By ERIKA ANDERSON, Staff Writer | Published November 3, 2005
They stood tirelessly by the escalators wearing bright blue vests, greeting NCYC attendees and checking credentials.
For hours they worked with teens in the arts and crafts area of the thematic park, helping them assemble prayer journals or teaching them to make twine rosaries.
In the Georgia Dome, they directed teens to their seats, ushered them to Communion and made sure they safely exited the Dome after the sessions had finished.
They were even at the airport, MARTA stations and hotels greeting traveling teens and their adults for hours.
And they managed to do it all with a smile.
Hundreds of people volunteered their time and energy to help at the National Catholic Youth Conference, and organizers say that it wouldn’t have been the same without them.
Richard Thacker and his wife, parishioners at St. Augustine Church in Covington, volunteered inside the Georgia Dome during NCYC’s main sessions as ushers and security.
“This has been wonderful. We’ve had a blast the whole time,” he said. “It really strengthens your faith to see all these kids gather together like this for Christ. This has been a really great time.”
Many of the volunteers who worked during the conference expressed their excitement for the event.
Sherrie McQueen, a parishioner at Transfiguration Church in Marietta, served on the steering committee as the hospitality representative, along with fellow Transfiguration parishioner Peter Kanzler. Almost 70 volunteers served in a hospitality capacity, greeting conference-goers at the airport, at MARTA and at their hotels, and many of them also volunteered in other parts of NCYC.
“I think they enjoyed themselves immensely,” McQueen said of the volunteers. “They were willing to do whatever was needed. A lot of them came to volunteer their time for a few hours and ended up coming back the next day. They were just pumped up by the kids and by the music and the speakers.”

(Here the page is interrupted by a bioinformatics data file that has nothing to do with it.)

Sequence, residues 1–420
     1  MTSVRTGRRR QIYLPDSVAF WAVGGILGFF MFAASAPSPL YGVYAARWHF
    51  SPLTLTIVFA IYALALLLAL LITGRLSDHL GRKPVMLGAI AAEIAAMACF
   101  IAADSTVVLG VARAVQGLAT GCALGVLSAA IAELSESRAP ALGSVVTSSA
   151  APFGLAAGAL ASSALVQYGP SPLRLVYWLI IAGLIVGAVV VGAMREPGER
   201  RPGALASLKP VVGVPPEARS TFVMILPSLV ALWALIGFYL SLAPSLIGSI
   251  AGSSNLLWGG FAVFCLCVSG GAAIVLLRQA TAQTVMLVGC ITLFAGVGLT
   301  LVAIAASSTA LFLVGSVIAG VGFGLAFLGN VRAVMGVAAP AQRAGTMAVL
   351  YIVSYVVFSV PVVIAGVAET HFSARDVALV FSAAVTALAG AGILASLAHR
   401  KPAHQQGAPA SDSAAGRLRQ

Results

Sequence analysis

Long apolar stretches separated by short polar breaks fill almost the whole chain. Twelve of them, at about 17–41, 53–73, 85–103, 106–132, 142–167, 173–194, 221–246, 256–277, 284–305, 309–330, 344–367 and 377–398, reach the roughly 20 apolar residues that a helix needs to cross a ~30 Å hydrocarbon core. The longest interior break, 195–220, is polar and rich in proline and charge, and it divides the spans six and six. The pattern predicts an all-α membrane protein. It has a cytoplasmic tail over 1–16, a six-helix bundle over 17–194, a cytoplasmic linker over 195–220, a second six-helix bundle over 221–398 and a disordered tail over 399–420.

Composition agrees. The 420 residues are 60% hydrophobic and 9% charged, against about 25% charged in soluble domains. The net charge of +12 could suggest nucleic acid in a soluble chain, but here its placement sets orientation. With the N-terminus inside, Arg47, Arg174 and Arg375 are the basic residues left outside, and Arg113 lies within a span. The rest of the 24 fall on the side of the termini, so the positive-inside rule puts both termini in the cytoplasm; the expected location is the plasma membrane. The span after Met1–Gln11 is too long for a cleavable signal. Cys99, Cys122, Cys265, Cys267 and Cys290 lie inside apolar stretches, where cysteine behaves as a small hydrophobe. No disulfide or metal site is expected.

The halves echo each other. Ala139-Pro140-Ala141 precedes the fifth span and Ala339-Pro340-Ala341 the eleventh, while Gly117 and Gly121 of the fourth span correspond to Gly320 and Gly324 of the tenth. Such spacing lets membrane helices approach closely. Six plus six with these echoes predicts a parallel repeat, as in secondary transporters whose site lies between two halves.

Janice Givens, the assistant director of the thematic park, said that the volunteers were willing to pitch in wherever needed.
“We ended up being a bit short-staffed, but the volunteers that were there rose to the occasion. Every single volunteer who (came) was amazing and willing to stay longer,” she said.
Givens credited many of the volunteers behind the scenes who helped to make the park run smoothly, including those who prayed for the event.
“All those people who were praying for us were just as much a volunteer as those on the front lines,” she said. “The volunteers were just amazing. I can’t say enough about them.”
Kevin O’Brien, a parishioner of St. Augustine Church in Covington, was in charge of security for NCYC and offered praise for his volunteers.
“I think some of the volunteers almost had more fun than the kids,” he said. “From start to finish not a single one complained.”
O’Brien’s wife, DeAnna, volunteered and helped to check credentials as attendees descended the escalators in the World Congress Center. By the end of the conference, her nametag held pins and stickers given to her by teens and several strands of Mardi Gras beads hung around her neck.
“This was a fantastic opportunity to help and at the same time to see all the kids,” she said. “Being here and seeing all of them showed me that the church is going to be 100 times better than it is today. I have absolutely no worries about the future of our church.”